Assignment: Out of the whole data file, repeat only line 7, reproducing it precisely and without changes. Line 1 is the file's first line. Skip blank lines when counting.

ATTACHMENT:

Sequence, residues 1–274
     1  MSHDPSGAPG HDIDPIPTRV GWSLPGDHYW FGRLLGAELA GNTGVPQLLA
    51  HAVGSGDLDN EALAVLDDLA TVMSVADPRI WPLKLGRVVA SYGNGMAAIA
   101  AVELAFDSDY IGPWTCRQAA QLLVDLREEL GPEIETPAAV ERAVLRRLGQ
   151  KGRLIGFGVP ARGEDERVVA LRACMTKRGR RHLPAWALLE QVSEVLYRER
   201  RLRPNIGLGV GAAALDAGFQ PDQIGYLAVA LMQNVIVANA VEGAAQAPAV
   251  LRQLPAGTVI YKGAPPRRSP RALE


   251  LRQLPAGTVI YKGAPPRRSP RALE